COVID-related deaths in Canada top 10,000; Thanksgiving gatherings impact local caseload

“This sucks. It really, really does”

The first death in Canada related to COVID-19 was on March 8.

The death toll reached 10,000 last night as case counts across the country continue to rise.

Ninety-six percent of those deaths have been among people over the age of 60. There have been two deaths among those 19 and younger, 11 in their 20s, and 16 among thirty-somethings. More than 300 Canadians under the age of 40 have been spent time in intensive care due to COVID.

Many survivors have struggled with so-called ‘Long COVID’, a version of the illness where symptoms such as brain fog, body aches, and deep fatigue persist for months.

Prime Minister Justin Trudeau called the pandemic a “horrific national tragedy,” and warned that Canadians should brace for more. “Families have lost loved ones, been devastated by these tragedies, and we need to know that there are more tragedies to come.”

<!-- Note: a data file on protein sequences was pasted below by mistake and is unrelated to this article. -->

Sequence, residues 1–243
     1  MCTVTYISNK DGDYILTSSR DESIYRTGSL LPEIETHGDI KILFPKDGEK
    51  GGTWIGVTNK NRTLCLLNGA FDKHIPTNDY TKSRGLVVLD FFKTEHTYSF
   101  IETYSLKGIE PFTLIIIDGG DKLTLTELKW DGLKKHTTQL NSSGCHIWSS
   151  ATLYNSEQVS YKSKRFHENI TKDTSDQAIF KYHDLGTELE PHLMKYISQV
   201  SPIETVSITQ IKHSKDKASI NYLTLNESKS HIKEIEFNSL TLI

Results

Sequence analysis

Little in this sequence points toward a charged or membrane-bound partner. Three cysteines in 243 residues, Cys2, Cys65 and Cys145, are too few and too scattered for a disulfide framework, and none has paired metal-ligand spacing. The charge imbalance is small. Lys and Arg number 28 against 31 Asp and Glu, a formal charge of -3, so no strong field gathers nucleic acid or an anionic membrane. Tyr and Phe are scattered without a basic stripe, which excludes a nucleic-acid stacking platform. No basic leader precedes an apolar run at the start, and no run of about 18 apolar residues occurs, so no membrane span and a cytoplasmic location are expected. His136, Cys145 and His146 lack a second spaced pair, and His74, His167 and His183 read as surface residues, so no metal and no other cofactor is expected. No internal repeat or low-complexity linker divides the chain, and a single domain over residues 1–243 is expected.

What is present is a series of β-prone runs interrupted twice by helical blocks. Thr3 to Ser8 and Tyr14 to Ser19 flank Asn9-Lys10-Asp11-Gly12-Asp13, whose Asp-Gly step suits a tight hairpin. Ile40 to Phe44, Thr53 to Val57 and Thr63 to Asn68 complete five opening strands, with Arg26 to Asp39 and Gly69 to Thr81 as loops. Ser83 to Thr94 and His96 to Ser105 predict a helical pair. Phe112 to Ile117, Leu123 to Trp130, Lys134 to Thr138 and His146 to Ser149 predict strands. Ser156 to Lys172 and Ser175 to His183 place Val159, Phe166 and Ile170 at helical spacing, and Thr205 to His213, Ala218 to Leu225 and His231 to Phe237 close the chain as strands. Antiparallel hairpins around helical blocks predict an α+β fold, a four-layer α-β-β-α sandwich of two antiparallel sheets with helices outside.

“It’s frustrating knowing that unless we’re really, really careful, there may not be the kinds of family gatherings we want to have at Christmas,” Trudeau said. “This sucks. It really, really does.”

Thanksgiving dinner impacts local numbers

Concern has been raised about social gatherings, particularly in the home.

Simcoe County’s Medical Officer of Health, Dr. Charles Gardner, noting 281 new cases locally since Thanksgiving. Forty-three of them have been traced back to 21 Thanksgiving gatherings.

Gardner is urging everyone to consider limiting family Christmas gatherings this year to just the people in your household, “I know, that’s very hard. I know it’s completely contrary to what would feel natural to us all including myself. But the alternative is this kind of transmission. I’m afraid.”

Gardner says the Thanksgiving infections are primarily in young and middle-aged adults, some children and seniors were also affected.